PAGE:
I joined my friends that evening at one of their homes and we all hiked out to camp a good 5 miles from the nearest road. We set up camp and I noticed my best friend with a large pistol holstered on his hip. I told him I had a pistol too, and one of my other friends mentioned he had one too. That was pretty much the end of the discussion. There was some cursory talk of how many rounds we had, what kinds of pistols we had, but that was pretty much it. We spent almost a week fishing and camping that trip and the subject never came up again. When I look back at pictures of our trips from our sophomore, junior and senior years in high school, it was not unusual to see any one of us with a pistol holstered on our hip. Pistols had no allure, they were tools for an emergency and we all knew how and when to use them. I did notice during those years, several people in the general public carrying pistols too. The rules were essentially that you could not take on into a bank, bar or 7-11 type store. That made sense to me, and seemed to be all the ‘gun control’ that any area should need. When we heard of states enacting gun control measures like waiting periods, or not being able to buy one at all, we thought it was stupid. Obviously convicted criminals or someone in a compromised mental state should not own a firearm, anything beyond that seemed like a joke to us. We joked that gun control was being able to hit what you shoot at. As an EMT in Alaska, I have seen many gunshot wounds and deaths in the ambulance, but it was never considered to be an issue with the gun. It was always a case of self defense, preventing a theft or attack or other situation where I thought “Ya, he deserved it, he was robbing the guy at knife point or gunpoint” or “Well, he was trying to rape her, she shot him, he deserved it”. There were rare occasions of accidental discharge where someone was goofing around and shot themselves in the foot, but I never heard of any cases of a child finding a gun and shooting it or a gun accidentally going off. A gun in a school was unheard of. There were no dangerous bears at school so the thought of taking one to school just seemed silly. We grew up with an attitude of respect toward firearms, and my EMT experience clearly illustrated the damage they could cause. People don’t really fall over dead with a little gasp when they are shot like on TV. In real life, large sections of their body get turned into hamburger and blown off their body. I and the people I knew understood guns were not toys, they remained secured when not in use and never taken out to play with.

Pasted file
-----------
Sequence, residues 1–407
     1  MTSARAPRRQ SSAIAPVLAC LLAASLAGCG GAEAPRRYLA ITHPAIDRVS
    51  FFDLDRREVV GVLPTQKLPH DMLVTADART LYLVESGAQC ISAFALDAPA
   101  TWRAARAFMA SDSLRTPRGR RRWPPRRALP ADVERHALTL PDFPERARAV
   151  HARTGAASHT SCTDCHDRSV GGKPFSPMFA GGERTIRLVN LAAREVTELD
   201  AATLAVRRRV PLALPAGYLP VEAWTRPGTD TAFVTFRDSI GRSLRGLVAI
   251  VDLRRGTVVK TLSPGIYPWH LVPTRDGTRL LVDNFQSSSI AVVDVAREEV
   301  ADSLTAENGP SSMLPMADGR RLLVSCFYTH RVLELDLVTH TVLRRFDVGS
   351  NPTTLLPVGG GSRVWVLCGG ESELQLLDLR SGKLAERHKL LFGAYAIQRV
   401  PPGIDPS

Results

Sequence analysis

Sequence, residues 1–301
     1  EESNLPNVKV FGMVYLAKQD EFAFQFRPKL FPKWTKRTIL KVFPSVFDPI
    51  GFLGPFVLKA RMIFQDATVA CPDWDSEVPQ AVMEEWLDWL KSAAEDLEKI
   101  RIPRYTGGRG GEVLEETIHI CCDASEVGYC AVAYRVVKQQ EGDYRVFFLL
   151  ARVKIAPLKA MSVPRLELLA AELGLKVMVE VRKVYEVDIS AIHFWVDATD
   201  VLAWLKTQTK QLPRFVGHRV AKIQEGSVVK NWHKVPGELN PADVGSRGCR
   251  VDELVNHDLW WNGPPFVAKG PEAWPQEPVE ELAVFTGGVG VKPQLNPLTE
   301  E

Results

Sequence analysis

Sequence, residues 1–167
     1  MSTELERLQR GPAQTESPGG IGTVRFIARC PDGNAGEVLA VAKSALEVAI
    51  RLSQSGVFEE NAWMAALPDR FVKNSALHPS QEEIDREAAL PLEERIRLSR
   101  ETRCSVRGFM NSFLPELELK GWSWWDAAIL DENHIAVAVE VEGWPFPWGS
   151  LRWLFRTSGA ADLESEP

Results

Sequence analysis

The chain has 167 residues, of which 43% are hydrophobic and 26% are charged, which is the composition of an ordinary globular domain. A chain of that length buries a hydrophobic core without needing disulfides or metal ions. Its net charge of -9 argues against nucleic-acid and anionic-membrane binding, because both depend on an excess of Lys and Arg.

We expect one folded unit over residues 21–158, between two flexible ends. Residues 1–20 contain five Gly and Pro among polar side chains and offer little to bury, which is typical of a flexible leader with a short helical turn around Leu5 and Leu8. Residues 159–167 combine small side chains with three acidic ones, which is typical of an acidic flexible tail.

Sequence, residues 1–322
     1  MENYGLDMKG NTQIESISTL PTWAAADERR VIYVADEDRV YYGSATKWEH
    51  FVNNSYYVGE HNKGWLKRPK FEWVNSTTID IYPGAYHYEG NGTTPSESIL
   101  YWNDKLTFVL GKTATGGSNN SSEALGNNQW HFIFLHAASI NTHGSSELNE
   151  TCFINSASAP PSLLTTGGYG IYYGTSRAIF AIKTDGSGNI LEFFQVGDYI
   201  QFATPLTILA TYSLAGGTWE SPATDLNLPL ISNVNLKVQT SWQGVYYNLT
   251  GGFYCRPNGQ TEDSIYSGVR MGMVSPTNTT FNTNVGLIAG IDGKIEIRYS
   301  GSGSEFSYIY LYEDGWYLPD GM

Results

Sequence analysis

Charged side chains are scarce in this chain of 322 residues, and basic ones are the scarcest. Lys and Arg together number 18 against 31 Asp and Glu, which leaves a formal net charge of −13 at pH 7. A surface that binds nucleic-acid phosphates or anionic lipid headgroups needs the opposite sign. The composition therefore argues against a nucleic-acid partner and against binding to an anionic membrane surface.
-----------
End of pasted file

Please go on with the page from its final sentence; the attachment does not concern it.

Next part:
What surprised me was when I went into the army after leaving Alaska. We were of course expected to learn how to fire a rifle and pistol with a certain level of marksmanship. There were many that had never held a firearm and they were a bit pensive or nervous handling the empty firearms when they were first issued. I could not understand what was to be nervous about. It’s just hunk of metal, but there were many that were afraid to even hold a pistol or rifle. They handled it as if merely touching it might cause it to explode. My bunk mate shook so nervously when he aimed his pistol I had to ask him why he was such a mess when he was holding a firearm. He said he’s always just had it engrained in him how dangerous they were, how scary they were, how bad they were. He said he heard all these stories of how they just “go off” and kill people. I was shocked, here was a grown man genuinely afraid of something he had 100% control over. I explained with a little more tact than the drills how it was simply impossible for a firearm to “go off” by itself and he eventually became more secure when qualifying with the pistol and rifle.